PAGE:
We caught the number 3 bus to downtown. Perhaps my little sister was with us, but my memory’s eye sees only Mom and me. It was our annual trip for something special for Easter Sunday.
I can’t recall any dress purchases. The buy was more likely to be a white brimmed bonnet with an elastic band fitting tight under my chin. Or perhaps one that formed an arch over my head with rows of stiff white lace and small spikes of plastic to keep it in place. With seven siblings, a day like this was surely special.
Preparing for the Easter Sunday mass where I’d joyfully be singing my alleluias and glorias meant laying out clothes on Saturday night. Black patent leather shoes polished with Vaseline. A pair of thin white anklets trimmed in a pink, blue, or yellow pastel lace, the type that would slip down the back of your heels before you walked the distance from pew to communion rail. And perhaps best of all, one’s white cotton gloves.
When my children were small, the Easter rituals did not include the Catholicism of my childhood but did include classics—a hilarious hunt, the mandatory coconut bunny cake with bow tie, and baskets with enough sugar to rival Halloween. These years, with children grown and living away, the holiday is different. Eggs will be deviled by the time our family of adults arrive. Bakery-bought macaroons replace the bunny cake. But one ritual remains: I’ll dress for the occasion.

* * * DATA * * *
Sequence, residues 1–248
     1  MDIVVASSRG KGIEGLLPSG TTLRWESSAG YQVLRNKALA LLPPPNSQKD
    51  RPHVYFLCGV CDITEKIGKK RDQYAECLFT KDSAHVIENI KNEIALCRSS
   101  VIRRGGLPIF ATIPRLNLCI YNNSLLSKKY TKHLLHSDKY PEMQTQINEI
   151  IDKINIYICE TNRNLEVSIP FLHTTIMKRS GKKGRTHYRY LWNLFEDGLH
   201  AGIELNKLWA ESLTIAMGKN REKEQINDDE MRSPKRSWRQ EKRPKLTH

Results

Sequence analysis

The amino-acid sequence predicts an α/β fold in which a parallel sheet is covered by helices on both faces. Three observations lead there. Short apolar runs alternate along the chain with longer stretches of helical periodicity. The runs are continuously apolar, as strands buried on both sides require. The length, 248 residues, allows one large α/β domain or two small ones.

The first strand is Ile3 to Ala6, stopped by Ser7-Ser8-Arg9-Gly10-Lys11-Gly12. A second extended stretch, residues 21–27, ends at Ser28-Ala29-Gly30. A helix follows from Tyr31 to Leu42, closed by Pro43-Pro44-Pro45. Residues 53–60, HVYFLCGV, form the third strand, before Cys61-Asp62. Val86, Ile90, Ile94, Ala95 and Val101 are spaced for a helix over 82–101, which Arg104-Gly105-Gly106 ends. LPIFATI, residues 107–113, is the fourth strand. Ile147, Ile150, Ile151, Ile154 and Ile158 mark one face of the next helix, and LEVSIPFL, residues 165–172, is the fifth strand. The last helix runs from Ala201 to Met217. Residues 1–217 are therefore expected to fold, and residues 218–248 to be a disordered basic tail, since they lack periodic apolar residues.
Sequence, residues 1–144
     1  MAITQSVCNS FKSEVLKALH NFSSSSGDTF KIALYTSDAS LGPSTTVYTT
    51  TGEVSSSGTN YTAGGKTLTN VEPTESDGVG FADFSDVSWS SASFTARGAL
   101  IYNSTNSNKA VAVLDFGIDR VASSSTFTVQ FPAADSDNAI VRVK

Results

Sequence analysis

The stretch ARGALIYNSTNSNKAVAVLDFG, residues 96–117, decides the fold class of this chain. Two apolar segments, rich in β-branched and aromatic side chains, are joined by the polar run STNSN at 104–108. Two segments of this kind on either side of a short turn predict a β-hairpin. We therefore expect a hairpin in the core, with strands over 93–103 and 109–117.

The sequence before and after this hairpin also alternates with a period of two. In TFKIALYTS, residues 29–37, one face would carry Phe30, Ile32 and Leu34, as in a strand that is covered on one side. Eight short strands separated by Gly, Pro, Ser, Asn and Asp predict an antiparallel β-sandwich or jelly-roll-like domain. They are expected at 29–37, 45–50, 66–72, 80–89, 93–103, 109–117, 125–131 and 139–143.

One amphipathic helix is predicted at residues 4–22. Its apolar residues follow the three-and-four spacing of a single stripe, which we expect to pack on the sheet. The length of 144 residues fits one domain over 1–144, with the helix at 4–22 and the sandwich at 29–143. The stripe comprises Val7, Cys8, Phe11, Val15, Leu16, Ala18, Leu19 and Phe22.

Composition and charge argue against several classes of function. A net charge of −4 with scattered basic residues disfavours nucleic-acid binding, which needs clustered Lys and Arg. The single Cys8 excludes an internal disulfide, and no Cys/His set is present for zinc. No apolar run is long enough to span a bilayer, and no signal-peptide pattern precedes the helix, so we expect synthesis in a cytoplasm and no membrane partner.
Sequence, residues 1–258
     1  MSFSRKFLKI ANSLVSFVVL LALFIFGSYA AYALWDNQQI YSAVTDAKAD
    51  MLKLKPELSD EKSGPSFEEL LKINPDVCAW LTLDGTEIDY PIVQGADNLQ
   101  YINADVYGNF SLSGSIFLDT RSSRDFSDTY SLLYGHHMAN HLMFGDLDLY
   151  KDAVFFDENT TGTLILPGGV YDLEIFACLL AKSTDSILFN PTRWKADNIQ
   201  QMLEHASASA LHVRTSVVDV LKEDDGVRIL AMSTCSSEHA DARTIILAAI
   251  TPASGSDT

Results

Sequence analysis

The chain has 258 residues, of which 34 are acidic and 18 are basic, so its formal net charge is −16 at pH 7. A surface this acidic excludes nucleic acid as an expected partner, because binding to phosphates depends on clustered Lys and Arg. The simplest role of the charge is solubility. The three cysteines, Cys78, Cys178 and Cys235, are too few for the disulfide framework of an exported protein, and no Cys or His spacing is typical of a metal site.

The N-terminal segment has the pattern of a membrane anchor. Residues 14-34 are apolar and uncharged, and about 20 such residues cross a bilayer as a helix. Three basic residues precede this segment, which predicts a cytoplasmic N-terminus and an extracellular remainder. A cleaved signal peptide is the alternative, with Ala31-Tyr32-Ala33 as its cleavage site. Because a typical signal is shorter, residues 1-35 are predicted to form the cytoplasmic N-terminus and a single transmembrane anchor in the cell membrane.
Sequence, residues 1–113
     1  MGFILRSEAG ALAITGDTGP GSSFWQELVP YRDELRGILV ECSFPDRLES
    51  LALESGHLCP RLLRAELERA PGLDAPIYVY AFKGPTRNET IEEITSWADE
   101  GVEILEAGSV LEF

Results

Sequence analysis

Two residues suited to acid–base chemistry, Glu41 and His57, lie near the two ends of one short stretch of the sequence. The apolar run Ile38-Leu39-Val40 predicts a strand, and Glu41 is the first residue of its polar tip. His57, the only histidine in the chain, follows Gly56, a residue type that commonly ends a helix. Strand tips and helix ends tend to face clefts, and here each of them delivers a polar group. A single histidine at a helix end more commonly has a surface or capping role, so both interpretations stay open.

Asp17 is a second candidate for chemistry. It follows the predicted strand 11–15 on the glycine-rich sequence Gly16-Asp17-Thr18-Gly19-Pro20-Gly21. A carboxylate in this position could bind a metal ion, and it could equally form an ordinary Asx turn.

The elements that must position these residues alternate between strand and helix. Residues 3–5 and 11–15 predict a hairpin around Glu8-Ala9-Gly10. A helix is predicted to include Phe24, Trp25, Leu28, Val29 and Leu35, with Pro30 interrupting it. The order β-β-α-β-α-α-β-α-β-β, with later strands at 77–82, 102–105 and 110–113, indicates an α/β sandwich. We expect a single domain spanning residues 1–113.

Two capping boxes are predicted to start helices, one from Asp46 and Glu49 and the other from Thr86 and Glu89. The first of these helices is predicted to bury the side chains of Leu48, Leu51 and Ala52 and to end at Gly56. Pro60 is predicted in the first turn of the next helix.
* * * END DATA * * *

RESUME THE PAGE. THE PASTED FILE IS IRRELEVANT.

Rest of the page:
It’s been patiently waiting for two months, like my mother’s layaway purchases of my childhood. Last winter, After Bev’s mom died, I was gifted her 1940s pink dress with large deep blue flowers, short sleeves, and buttons down the front. I hung it with happy anticipation that spring would come. And now it has.
The forms of our rituals change, but their power to connect us remains. Some of mine are sacred. Some may seem silly. The eggs boiling. The yellow cloth napkins. The Peter Rabbit plate. As I don my dress for the day, I’ll reflect and remember. I’ll give thanks to all who make the present moments precious because they once made a past moment so.
What rituals do you have for this season?
Have your rituals transformed over time?
How do your rituals connect you with others?